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Old 16-08-2012, 15:45   #1
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Constant Burning of Diesel Heater

I am about a week or two away from moving aboard my sailboat and wintering on the really cold Hudson river. Should I have any concerns about leaving the Dickinson Newport heater burning when at work. The companies brochure says never, never leave the unit burning while away, thinking this is to satisfy the lawyers. Don't really see myself coming home from work to a freezing boat and firing up the unit and doing jumping jacks until the boat gets toasty. Bet the insurance company wouldn't pay off if the boat burned to the water line while I was away.

Members thoughts on this would be appreciated.
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Old 16-08-2012, 16:12   #2
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Re: Constant Burning of Diesel Heater

I suspect that the Dickinson heaters do not have an automatic shutoff due to loss of flame. But that may be more of a mess issue than a safety issue. When the flame goes out, the diesel rapidly cools and no longer vaporizes. It will just ooze diesel all day long. But cold diesel will not catch fire- usually ;-).

I think I could live with it running all day long. Think about this however. Isn't the safety of the heater more important when you are in bed asleep than when you are away.

David
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Old 16-08-2012, 16:38   #3
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Re: Constant Burning of Diesel Heater

G'Day CB,

I think that it partly depends on the installation. Do you have the intake air supplied from the cabin, or do you have a dedicated supply pipe that comes from outside somewhere, and thus isolates the burner from the interior of the boat? The latter is considerably safer...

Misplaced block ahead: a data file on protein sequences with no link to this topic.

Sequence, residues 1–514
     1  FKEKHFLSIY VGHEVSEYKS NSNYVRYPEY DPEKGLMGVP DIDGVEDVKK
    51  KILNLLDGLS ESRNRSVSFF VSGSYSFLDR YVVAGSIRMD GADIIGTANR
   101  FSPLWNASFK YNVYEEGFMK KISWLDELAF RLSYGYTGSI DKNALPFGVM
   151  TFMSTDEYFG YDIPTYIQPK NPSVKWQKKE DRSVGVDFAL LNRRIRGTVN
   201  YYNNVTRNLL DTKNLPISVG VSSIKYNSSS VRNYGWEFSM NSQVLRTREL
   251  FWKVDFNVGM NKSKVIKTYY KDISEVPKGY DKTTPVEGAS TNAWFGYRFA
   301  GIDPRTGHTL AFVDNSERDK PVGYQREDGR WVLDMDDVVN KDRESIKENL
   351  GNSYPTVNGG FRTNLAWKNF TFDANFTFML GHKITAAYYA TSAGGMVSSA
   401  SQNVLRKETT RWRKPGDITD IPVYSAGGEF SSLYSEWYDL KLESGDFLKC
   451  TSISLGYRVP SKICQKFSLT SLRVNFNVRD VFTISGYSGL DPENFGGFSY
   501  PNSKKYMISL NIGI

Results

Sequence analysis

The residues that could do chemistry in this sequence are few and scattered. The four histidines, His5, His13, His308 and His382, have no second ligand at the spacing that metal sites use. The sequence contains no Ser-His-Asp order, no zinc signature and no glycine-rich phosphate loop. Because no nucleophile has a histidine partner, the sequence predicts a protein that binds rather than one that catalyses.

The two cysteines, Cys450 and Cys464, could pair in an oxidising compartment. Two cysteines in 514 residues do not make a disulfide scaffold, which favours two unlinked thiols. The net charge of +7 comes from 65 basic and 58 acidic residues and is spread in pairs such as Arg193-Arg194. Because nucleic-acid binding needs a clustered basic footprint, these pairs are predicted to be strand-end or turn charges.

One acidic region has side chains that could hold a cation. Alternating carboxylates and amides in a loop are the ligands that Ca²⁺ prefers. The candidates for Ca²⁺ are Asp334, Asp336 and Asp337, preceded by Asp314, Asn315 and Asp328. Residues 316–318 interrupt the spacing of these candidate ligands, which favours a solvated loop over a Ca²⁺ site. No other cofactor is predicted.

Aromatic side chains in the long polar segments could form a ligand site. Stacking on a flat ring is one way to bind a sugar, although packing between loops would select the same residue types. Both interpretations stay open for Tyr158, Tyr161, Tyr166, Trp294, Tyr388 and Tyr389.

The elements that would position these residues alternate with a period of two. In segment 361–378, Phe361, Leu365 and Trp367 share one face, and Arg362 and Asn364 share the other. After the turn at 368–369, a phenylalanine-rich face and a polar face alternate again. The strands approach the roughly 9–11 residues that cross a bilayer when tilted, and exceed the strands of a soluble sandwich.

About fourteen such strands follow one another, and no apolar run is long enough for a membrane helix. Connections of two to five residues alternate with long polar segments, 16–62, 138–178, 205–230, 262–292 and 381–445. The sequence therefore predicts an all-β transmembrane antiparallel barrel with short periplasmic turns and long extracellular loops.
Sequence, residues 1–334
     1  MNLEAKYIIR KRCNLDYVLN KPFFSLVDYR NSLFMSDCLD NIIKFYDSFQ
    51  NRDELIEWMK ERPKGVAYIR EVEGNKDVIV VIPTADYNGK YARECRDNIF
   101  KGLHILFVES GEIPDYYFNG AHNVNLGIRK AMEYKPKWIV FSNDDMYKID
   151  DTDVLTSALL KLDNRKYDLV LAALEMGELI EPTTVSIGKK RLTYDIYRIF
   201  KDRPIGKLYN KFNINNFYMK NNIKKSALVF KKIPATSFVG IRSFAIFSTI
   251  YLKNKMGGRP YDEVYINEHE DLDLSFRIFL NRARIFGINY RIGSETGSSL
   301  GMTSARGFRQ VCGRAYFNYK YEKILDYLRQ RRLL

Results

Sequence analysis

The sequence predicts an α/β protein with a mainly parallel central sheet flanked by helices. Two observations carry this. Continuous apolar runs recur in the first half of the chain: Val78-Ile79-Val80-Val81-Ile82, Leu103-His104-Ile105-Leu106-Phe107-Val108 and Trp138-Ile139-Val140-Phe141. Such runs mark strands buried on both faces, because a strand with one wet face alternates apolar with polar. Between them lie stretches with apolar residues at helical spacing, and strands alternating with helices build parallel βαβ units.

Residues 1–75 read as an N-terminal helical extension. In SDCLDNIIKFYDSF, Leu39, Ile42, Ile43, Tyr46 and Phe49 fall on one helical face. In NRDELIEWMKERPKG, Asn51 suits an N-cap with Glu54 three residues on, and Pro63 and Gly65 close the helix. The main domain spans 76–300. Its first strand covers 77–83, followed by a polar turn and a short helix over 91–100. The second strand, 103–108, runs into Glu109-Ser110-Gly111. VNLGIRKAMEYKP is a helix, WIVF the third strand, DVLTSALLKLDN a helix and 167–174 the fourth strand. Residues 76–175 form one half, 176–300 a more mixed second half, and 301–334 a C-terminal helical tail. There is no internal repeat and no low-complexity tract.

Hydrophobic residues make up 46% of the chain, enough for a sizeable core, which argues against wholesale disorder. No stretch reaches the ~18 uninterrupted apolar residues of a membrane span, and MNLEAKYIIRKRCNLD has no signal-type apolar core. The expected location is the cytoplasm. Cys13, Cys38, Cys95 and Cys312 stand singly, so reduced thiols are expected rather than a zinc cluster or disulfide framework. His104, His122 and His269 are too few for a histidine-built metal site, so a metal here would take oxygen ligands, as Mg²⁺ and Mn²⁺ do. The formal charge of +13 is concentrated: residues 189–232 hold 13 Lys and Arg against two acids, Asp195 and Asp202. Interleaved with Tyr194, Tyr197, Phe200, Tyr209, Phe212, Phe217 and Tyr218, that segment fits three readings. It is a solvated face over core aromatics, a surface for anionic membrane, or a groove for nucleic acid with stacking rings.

We have a Fab-All heater, which is a knock-off of the Dickinson model and of identical design. Our air supply is from the cabin. In gusty wind conditions we have had a couple of "blow-backs" where a puff of wind drove the exhaust back down the flue and into the cabin. At best this is a mess, with soot everywhere, but one time it extinguished the flame in the burner, and a cloud of diesel vapour emerged into the cabin. This cloud then flashed... a fireball perhaps a foot in diameter, but which lasted only milliseconds. No damage done, but it scared the hell out of us, and had it encountered some easily ignited fuel, could have lead to a fire below decks.

FWIW, I subsequently fitted a muffin fan below the air intake which provides some forced draft. This has both improved the general performance and has (so far) prevented further blow-backs.

David's comments above are correct: there is no shutoff for the fuel supply, so that if the flame goes out diesel continues to flow into the combustion chamber. Our stove has a drain tube to lead such overflows away but I'm not so sure that it would actually work!

So, bottom line, if your stove has the isolated air supply and you have some means of collecting overflow diesel, you might get away with leaving it running.

We do not do so, and honestly, the downside risk is so high I couldn't recommend doing so.

Living aboard in the cold is a bitch!

Cheers,

Jim
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Old 16-08-2012, 17:03   #4
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Re: Constant Burning of Diesel Heater

I wouldn't do it! Use electric heat when you're not there. I've been in marinas over the winter with people using diesel heat of various sorts and they did not leave them unattended. I'm not sure the marina would allow it if they knew you were doing so. By they way, after living aboard for quite a few winters in New England I am still convinced that the best solution is electric heat, backed up by a small wood burning stove. That's right--wood burning. Fire can be put out with water or an ordinary fire extinguisher, smells good, easy to work and maintain, and provides plenty of heat when you need. But unattended use, electric is the way to go.
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Old 16-08-2012, 17:14   #5
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Re: Constant Burning of Diesel Heater

We did a couple of Travel Nurseing jobs in Alaska, both in winter and ran a Dickerson heater 24/7 and except for the money it cost! we have no complaints !! we had the water heating coils in the heater, and a holding tank,and a pump system to move the hot water to bus heaters in different areas of the boat !! warm and toasty!! we did leave the heater unattended with no problems ! but never for more then an hour or two! we did have a Tall chimney so never had a blow out problem !! it's neat want ya can do with a fan or two and some old bus heaters !! LOL just our 2 cents